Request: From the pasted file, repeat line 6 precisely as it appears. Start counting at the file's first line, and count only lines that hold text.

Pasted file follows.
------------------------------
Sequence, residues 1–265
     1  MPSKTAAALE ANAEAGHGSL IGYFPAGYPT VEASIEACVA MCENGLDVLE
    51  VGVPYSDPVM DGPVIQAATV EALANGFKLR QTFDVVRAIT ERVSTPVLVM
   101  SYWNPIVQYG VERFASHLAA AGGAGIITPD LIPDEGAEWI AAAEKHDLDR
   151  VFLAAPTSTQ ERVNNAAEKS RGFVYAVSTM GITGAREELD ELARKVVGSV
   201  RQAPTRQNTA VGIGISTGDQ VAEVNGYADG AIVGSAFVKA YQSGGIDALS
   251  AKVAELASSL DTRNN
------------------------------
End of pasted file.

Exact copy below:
   201  RQAPTRQNTA VGIGISTGDQ VAEVNGYADG AIVGSAFVKA YQSGGIDALS